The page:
Get on the Buddy Train to get some CapMetro booty

Our MetroRail riders love the train! It’s a smooth, plush and reliable ride. However, as you have probably heard, we’ve got a few seats to fill on our MetroRail trains. Why not entice current riders to bring their friends?

Now through Sept. 3, you can get a free MetroPlus Day Pass when you bring a buddy to ride MetroRail, snap a photo of yourselves (hopefully looking relaxed and stress-free since you’re leaving the driving to us) and upload your photo on facebook/capitalmetro.

Send your contact info to us at friends@capmetro.org and we’ll send you the free pass. We’ll also enter your name into a drawing for a free MetroPlus 31-Day Pass–that’s a $70 value! Time to start snappin’.

7 thoughts on “Get on the Buddy Train to get some CapMetro booty

  1. chrysrobyn

    It’s not a $70 value to most riders. If it were, wouldn’t the ridership be significantly higher?

    Honestly at this point, I think Howard and Kramer would be better served by a bus that drove between them, stopping at Scofield Ridge, maybe Parmer, Park Bend and Palm Way. The problem with a train is that you need really good circulators or a stop right next to the destination.

    I love trains, and I’d love for CapMetro to succeed here — and thus not waste tax dollars — but I didn’t make the time to ride the train on the day it was free a few weeks ago. My 17 minute commute (Google’s estimate) is well over an hour if I ride the train. Compare 17 minutes of hassle (really, only merging onto MoPac south of Howard is a hassle, the rest of it is smooth and stress free) to 70-90 minutes of waiting in the sun, hoping transit is running on time and walking on roads where there’s no sidewalk. There’s no comparison. Until the 243 is fixed, and until there’s a sane circulator near Kramer (the 466 acknowledges but notably does not fix the problem), I’m driving my car. Until the train runs all day and past 7pm so I am guaranteed never to have to take a bus that takes me through Tech Ridge, I’m driving my car. Until I can take the train and all associated circulators for less than $30/month (0.41 gallons of gas per day), I’m driving my car.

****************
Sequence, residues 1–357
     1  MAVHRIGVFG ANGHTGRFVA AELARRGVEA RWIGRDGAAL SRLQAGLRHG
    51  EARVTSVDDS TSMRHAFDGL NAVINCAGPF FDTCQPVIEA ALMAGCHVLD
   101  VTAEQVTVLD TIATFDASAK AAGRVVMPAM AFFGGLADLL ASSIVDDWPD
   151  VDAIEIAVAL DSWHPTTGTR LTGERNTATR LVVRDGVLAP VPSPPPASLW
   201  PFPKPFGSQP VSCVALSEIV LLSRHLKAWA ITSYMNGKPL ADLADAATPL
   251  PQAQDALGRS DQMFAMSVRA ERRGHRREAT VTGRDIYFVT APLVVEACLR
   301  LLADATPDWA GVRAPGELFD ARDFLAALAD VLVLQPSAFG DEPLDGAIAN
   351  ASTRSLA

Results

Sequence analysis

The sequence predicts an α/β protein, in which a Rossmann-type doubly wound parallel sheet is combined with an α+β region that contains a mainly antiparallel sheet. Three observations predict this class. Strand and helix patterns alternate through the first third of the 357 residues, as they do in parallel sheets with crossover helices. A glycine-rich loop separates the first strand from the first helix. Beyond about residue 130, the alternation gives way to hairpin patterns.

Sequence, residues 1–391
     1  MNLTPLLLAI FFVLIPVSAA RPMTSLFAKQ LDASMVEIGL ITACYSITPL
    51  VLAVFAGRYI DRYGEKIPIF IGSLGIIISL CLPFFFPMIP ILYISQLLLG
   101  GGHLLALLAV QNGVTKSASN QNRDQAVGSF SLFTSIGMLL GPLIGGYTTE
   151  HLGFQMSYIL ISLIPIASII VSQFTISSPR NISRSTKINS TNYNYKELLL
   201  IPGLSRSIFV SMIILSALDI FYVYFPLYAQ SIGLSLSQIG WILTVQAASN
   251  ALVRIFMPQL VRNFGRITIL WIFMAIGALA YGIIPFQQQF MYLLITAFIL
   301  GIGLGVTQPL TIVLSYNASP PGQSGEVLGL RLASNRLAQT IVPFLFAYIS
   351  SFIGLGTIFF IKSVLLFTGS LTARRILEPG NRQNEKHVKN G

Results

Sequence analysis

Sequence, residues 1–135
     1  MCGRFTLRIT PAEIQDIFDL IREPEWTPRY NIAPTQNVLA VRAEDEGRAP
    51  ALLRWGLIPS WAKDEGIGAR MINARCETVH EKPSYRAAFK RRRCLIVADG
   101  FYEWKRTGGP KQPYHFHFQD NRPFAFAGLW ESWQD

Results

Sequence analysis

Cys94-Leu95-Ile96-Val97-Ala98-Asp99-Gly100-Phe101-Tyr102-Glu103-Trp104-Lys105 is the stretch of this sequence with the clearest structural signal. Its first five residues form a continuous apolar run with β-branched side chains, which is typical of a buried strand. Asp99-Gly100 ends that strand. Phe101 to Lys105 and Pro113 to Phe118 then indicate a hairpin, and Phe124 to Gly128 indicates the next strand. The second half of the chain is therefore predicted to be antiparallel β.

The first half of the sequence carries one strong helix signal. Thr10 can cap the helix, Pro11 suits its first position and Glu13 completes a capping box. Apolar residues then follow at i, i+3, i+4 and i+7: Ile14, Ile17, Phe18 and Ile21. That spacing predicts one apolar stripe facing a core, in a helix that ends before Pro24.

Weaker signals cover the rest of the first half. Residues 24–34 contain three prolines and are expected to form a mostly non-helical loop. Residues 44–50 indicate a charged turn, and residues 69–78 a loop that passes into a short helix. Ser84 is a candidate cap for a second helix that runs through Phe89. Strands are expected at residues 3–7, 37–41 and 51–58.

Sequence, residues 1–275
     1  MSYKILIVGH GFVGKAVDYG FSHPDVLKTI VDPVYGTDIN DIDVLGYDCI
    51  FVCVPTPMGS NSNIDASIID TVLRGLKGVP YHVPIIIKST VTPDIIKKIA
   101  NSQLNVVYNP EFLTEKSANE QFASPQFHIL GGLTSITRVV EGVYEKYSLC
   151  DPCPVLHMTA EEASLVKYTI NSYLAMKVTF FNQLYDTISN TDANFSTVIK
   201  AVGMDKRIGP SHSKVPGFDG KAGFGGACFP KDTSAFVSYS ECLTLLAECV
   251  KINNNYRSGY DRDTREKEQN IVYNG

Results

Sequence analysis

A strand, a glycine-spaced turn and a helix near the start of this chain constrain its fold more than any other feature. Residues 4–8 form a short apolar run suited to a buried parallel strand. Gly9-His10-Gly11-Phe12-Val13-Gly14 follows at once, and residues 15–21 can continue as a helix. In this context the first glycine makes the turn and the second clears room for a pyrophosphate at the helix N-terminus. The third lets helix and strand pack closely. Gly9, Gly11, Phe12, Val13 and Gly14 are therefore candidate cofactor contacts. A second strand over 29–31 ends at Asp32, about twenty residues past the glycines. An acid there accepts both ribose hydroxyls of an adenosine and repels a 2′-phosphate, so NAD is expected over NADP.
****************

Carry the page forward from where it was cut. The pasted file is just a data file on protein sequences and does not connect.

I was initially under the impression that CapMetro existed to get commuters off the roads so we’d need to pay for fewer road construction projects. At this point, I don’t know what it’s there for, but I know it’s not me.

    1. Julie

      Thank chrysrobyn,

      You laid it out perfectly. Being a former SF resident, I don’t see ATX coming close for years. On the upside, the roads are being paved for safer travels for the cyclists, too bad we can’t talk to the weather commissioner.

  2. Beth Ann

    Transit cannot be all things, to all people, all the time. And for gosh sakes, the Red Line hasn’t even been running for 6 months yet. NYC, DC, Chitwn didn’t get there overnight.

    I live near the Lakeline Station and take the train every now and then. During the summer, the rail was not competitive with my car in the morning. However, due to the ever expanding rush hour in the evening I often find myself wishing I could have taken the train. I love taking the train when I can. I can work or look out the big windows and relax as I watch beautiful countryside pass by in Robinson Ranch. In another week school will start and traffic will be worse. Let’s see how the Red Line does then.

    In the mean time, those that think rail should be part of the solution need to get involved in making the Red Line a success.

    1. Beth Ann, the problem is that there is no path which starts with the Red Line and ends with rail success which appears achievable to those who know anything about how commuters behave (mostly rationally). In the process of building this thing, we precluded ourselves from building the one great light rail line possible in this city; and are in the process of killing the half-as-good-but-still-billions-better-than-the-Red-Line fallback plan due to misguided efforts to keep pouring money into this turkey.

      1. Beth Ann

        M1EK,

        These are the cards we’ve been dealt. Voters didn’t approve light rail in 2000. They did approve the Red Line. Now the Mayor intends to call a rail election in 2012. I believe the success or failure of the Red Line will play a large part in the outcome of that election. Are rail/transit advocates willing to abandon the Red Line and take their chances regarding its impact on future rail elections? Or will they help Capital Metro and Central Texas move forward in a strategic manner; realistically assessing the facilities and the capacity options we have today with limited funding?

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